If you pass the broiling city of Phoenix, climb into the high desert mountains, and nestle in a quaint town, you will find a little diamond in the rough. Sitting amidst a populous of hippies and health junkies rests a rebellious diner.
This one of a kind establishment openly defied the pressure of its small town culture. Actively promoting heartburn and carbohydrate filled deaths as they lathered their food in offensively unhealthy ingredients.
Though the name on the sign reads Clodoveo's Diner and Bar, this outlawed, yet beloved place had been affectionately named the Dove. Many speculate the name change was caused by a power failure back in the seventies, where the only letters still lit spelled out Dove. The regulars were the only ones who knew the truth. They were too lazy, and considered the diner's true name to be a mouthful.
I had the status of being a regular at the Dove. But my reasoning for entering it that day had nothing to do with its legendary food. I entered the building strictly for a business transaction. A dreaded business transaction.
I left the frostbitten world behind me, as I stepped into the loving arms of the Dove's warm air. Teeth chattering, I moved closer to the dangerously open griddle, hoping to thaw out before my meeting with the Editor. My numb hands were a great incentive to not flunk my mission. Without the Editor's compliance, I'd have no paycheck. And with no paycheck, I'd have no way to afford the much needed heat in my house.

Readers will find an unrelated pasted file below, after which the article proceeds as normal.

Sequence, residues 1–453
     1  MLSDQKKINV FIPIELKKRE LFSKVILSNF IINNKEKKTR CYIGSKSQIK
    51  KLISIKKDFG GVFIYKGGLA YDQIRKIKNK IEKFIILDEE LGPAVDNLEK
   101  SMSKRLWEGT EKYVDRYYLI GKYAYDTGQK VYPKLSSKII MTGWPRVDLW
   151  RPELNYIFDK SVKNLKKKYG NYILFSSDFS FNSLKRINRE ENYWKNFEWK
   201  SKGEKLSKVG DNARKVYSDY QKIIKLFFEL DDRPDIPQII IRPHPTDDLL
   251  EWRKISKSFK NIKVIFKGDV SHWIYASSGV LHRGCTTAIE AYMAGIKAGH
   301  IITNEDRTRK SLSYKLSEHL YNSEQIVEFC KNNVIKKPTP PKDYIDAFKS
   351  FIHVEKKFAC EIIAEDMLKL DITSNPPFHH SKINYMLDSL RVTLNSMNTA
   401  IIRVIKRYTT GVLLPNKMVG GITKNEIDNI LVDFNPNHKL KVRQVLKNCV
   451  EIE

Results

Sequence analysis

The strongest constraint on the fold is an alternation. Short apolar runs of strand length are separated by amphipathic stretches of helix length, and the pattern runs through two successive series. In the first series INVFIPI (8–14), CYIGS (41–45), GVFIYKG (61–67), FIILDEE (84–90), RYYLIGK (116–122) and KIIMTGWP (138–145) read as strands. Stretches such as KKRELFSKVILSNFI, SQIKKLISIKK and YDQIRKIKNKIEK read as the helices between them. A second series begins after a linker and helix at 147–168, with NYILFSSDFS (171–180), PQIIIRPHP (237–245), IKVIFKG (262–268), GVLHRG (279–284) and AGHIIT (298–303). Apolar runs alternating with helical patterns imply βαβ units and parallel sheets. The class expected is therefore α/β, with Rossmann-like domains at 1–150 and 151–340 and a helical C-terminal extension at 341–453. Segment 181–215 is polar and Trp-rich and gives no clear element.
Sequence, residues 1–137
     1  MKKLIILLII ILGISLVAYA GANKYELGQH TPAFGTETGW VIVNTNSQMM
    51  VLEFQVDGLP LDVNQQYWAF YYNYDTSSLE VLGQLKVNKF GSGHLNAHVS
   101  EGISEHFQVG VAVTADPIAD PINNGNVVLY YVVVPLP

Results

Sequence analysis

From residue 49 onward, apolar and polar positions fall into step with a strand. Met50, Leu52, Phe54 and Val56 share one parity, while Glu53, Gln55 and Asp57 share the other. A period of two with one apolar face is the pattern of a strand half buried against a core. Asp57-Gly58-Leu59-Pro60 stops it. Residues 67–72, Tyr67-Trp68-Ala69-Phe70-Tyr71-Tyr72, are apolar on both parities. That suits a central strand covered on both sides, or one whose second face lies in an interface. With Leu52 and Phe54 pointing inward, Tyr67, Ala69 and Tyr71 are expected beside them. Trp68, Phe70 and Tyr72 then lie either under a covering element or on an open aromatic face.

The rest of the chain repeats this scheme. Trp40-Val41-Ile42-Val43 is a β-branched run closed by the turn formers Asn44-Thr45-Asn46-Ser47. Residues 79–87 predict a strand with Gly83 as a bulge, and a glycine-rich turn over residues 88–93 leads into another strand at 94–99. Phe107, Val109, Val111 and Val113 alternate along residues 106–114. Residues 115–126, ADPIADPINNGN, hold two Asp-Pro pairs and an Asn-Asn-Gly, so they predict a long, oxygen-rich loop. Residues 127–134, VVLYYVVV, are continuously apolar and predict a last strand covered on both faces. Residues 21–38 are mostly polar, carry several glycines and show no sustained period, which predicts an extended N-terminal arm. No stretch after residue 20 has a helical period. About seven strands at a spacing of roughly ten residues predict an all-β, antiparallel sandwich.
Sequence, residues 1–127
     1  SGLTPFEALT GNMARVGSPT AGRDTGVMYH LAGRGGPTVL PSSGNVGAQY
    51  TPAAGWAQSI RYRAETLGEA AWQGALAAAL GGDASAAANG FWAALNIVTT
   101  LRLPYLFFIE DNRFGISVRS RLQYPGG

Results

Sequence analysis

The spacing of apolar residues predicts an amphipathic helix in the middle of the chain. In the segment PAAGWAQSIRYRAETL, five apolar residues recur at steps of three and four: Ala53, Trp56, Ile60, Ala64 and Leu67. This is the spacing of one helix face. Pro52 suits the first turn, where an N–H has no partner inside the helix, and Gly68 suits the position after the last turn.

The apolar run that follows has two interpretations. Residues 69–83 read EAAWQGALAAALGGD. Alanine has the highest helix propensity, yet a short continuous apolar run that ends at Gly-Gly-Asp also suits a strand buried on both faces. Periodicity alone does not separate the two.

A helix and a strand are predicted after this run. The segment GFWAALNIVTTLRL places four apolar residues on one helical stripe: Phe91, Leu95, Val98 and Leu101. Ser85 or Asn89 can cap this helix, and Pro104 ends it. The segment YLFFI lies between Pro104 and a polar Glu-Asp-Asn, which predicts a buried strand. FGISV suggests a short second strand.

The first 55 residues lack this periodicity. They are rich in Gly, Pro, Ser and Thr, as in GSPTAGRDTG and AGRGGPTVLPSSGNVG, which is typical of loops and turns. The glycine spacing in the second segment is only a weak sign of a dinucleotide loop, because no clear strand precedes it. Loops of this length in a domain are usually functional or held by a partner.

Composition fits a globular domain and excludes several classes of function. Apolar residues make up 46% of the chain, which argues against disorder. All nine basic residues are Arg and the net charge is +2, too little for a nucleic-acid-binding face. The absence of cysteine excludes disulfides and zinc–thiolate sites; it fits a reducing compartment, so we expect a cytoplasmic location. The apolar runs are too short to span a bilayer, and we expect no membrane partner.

Clodoveo, the mastermind and chef of the Dove, stood behind the giant hot plate. He flipped around an experimental dish. One that would no doubt send over half the restaurant home screaming in digestional pain. But it would be completely worth it. I say that from experience.
“Sunny m'boy, what will it be for you?” Clodoveo thundered in his rich Russian accent. Considering he lived in this small, very American town his entire life, no one is quite sure where he got his accent. It is a mystery, I suspect, that will never be solved.
“No food for me this time. I’m here for the Editor.”
“She hasn't finished her coffee.”
“My house is dipping into the twenties, I'm willing to risk it.”
“Her fries are untouched.”
“I slept in my parka last night.”
Sympathetic to my pain of being a private investigator in a small, sleepy town, Clodoveo skipped the mug and gave me the entire pot of coffee. He nodded to the Editor's dark corner and sent me on my way with a familiar warning. “She's over there. Be careful.”
Snagging an empty mug, I left the sizzling griddle behind me, bearing enough coffee to caffeinate the whole room.
Due to the health nut ways of today's youth and those in charge of the menus at most diners, the older generations were naturally inclined to migrate to the Dove. They sought solace in Clodoveo's all day beer special, and the unhealthy food served with a proud smile, which was absolutely void of any remorse or shame.
I picked my way through the diner, past walkers and wheelchairs. I carefully avoided the tangle of oxygen tubes littering the greasy floor. I'm sure the combination violated several health codes. No one seemed to notice though. Or if they had, along with the rest of the customers, they didn't care.